Permanent Rotation: Eris Drew

By in Features





Permanent Rotation is a series in which producers, DJs, and musicians go deep on the albums that have inspired them.

Eris Drew is one of the most beloved and respected underground DJ/producers on the planet and the co-founder of T4T LUV NRG, the label she runs with her partner Octo Octa. She’s revered for her transcendental sets, impeccable, wide-ranging selections, and nostalgic productions that evoke the early ‘90s Midwest rave scene where she cut her clubbing teeth. Her musical DNA extends back further, however, most notably with the discovery of the Minneapolis-Saint-Paul synth-pop band Information Society as a 13-year-old.

Eris Drew has the school bully to thank for introducing her to Information Society and their 1988 self-titled album, a record she still studies to this day.

“He was kind of a terror but he was also kind of cool and he knew about pop music and he started talking about this group Information Society,” she recalls over Zoom, describing herself as an only child who was “kind of different, anyway”.

“So I was at the music store and I was like, Ok, I’m gonna buy this and check it out. I was trying to find music at the time and I totally fell in love with it. I loved all the electronics and how danceable it was and the use of the science fiction samples.”

The most memorable sci-fi sample on the record is Leonard Nimoy’s “pure energy” sound bite in the opening track “What’s On Your Mind (Pure Energy)”, one that Information Society lifted from a Star Trek episode with the blessing of Leonard’s son, Adam, who was a fan of the band. The song went to the top of the US dance chart that year and hit number three on the Hot 100 pop chart.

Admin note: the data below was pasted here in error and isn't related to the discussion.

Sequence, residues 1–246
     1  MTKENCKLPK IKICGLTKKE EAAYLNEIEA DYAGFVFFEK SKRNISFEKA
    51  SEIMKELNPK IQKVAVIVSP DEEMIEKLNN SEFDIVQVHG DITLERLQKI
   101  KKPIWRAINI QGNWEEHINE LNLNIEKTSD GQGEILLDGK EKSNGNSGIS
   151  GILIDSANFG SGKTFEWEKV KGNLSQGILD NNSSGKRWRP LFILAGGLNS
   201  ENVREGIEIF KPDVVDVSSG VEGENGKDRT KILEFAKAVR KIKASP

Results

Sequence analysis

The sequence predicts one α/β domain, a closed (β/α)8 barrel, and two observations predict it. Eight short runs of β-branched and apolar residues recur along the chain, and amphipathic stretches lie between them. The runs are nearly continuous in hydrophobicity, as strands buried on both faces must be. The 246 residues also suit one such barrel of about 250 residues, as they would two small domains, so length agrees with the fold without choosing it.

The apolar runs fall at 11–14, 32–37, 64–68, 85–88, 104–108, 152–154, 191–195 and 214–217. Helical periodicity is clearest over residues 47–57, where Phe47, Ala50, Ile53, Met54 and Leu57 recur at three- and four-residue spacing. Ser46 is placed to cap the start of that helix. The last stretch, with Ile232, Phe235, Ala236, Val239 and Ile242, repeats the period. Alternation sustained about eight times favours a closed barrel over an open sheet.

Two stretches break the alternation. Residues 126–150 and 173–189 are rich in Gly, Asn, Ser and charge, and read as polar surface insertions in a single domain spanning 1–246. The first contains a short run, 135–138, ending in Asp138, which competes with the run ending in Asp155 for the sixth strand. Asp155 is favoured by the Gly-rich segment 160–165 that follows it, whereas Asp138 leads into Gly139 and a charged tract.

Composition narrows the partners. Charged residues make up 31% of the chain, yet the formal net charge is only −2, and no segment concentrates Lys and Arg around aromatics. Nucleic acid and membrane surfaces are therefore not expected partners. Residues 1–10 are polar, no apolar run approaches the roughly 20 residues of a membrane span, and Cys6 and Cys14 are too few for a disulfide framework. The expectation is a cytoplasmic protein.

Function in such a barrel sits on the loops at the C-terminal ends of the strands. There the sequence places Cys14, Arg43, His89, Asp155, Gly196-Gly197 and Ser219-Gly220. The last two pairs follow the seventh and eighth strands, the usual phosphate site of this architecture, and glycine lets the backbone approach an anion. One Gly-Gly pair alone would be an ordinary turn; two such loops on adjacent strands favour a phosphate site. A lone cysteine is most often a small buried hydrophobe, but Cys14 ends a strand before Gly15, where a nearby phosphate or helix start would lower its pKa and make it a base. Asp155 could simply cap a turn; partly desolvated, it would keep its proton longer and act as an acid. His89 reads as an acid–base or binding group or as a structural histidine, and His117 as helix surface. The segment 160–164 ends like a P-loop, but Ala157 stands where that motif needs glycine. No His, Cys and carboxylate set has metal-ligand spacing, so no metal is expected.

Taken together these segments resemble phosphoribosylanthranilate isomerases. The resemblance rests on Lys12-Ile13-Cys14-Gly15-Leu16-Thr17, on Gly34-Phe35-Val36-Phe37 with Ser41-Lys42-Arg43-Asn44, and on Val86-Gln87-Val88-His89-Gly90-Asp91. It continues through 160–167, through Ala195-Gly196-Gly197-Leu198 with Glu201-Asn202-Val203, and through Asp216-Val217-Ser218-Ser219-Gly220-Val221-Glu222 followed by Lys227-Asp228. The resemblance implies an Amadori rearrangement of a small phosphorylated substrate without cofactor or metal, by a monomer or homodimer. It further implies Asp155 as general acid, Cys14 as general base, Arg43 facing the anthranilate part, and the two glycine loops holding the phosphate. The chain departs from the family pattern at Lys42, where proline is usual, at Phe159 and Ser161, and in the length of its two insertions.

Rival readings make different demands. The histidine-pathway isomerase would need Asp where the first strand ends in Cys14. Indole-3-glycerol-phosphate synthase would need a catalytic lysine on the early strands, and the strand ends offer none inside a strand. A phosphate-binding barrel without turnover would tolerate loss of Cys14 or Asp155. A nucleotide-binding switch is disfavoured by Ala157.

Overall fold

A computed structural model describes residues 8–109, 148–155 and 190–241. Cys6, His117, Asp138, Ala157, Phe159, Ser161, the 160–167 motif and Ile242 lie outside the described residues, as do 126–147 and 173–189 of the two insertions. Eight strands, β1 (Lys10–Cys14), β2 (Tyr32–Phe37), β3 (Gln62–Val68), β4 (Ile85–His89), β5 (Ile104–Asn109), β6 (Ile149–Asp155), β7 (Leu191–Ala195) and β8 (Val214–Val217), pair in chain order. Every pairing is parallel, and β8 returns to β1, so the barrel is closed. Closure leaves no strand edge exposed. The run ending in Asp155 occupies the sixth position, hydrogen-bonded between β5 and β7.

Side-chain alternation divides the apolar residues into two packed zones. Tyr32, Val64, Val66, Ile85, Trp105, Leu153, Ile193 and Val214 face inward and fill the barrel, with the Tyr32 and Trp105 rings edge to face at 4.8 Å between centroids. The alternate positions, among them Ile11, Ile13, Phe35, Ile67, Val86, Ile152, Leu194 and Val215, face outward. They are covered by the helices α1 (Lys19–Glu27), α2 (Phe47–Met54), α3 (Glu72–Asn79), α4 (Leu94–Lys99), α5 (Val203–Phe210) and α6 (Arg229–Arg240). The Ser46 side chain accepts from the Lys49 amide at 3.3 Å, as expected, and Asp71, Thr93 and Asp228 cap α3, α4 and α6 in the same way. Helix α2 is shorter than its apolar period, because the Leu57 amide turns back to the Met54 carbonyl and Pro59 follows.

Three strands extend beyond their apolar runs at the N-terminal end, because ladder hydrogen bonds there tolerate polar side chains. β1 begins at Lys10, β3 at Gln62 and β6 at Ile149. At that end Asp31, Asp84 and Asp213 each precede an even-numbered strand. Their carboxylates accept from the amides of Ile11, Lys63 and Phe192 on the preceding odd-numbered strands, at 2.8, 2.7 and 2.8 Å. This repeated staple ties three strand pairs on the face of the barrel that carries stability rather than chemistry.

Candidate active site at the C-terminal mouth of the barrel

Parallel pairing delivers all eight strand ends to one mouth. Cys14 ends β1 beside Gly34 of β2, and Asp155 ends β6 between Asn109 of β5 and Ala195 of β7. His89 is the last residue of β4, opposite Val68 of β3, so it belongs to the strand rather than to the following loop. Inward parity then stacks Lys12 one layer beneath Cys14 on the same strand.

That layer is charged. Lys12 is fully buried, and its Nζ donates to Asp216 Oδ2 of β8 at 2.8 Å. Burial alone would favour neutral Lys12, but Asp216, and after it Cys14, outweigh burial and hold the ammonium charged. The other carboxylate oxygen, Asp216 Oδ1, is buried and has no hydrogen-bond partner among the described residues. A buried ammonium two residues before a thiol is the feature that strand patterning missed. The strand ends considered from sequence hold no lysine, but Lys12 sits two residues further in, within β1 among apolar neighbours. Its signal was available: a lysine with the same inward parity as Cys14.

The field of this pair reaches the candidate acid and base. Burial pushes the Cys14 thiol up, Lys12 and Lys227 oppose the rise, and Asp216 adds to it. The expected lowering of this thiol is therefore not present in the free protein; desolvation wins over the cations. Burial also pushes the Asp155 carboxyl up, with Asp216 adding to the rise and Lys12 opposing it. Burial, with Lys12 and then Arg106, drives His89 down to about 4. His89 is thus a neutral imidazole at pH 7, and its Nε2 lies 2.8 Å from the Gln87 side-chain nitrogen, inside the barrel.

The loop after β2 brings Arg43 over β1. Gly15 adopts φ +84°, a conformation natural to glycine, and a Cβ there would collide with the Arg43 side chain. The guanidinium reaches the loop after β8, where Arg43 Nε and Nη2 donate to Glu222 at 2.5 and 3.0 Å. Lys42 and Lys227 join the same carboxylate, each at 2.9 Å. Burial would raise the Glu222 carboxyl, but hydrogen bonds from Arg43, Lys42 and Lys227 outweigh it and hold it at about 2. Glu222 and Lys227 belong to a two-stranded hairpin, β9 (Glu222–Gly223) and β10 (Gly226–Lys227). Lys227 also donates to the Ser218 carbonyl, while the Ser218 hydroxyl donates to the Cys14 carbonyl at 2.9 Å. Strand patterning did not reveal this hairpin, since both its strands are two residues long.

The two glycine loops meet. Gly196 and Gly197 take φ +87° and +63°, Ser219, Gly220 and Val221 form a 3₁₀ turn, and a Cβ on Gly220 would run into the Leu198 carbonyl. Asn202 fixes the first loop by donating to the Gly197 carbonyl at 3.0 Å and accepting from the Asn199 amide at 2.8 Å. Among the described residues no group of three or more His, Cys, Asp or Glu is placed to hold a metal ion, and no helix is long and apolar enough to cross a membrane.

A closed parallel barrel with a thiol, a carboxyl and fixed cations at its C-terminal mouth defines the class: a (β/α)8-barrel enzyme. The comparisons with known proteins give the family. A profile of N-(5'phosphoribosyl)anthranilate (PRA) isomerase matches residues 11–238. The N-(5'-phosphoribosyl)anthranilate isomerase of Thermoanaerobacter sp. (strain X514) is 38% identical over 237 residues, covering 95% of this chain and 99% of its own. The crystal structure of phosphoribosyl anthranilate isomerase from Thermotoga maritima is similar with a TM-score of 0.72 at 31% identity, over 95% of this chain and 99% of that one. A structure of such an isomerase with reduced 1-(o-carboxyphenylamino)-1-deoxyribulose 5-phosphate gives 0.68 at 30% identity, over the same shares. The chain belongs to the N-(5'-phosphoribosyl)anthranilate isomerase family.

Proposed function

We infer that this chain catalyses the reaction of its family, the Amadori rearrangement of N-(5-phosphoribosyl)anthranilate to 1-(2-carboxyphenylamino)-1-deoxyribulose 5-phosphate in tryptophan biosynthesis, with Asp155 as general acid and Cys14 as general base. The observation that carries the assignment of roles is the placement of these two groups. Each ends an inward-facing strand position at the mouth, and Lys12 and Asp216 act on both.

“For me, it was like The KLF’s The White Room before The White Room,” says Drew of Information Society, pulling out the original cassette she bought in 1988 alongside an impressive collection of accompanying merch. “There’s all this weird symbolism and strange sampling of cultural debris all over the record, but I don’t think the band had such a strong message—I think they were young and having fun and maybe taking the piss out of what an information society we were becoming. It was a little more punk-spirited.”

Information Society is a bold, richly layered blast of synth-pop, influenced as much by Depeche Mode and Pet Shop Boys as it is by D.A.F. and Kraftwerk (the album’s producer, Fred Maher, came to Information Society fresh from working on Kraftwerk and Scritti Politti records).

So instantly enamoured was Drew with the album, that she went out and bought all the singles, bundled with a bunch of remixes. She recalls asking her mother, “What’s a remix (pronounced rem-ix)?”. New York legend Justin Strauss was among the remixers, as was Little Louie Vega, whose “54 mix” of “What’s On Your Mind” is “pure freestyle minimalism”, says Drew.

“It’s really stripped back, and I was just like that’s me because it was all about the drums, all these different layers of drums and the ‘54 mix’ showed them off because the pop stuff was stripped off and it was just the meat of it.”

It’s a track Drew still DJs with today, some 35 years after stumbling across it for the first time. “I speed it up and then I mix that in with some breaks that are around 120 – 124 [BPM]. It sounds so dope, everything’s crystal clear, it’s got all this dynamic range in it,” she says. “I’ve got the double so I can do layers with them together and this, to me, it’s still immaculate. Sometimes when people are like, ‘Oh that’s held up pretty well,’ I’m like, ‘Nothing touches this’. I love new music, but this will always be this special little thing.”

Drew saw Information Society live just once, in Minnesota, as part of the Club MTV Tour, which also featured Paula Abdul, Milli Vanilli and Tone Loc on the bill.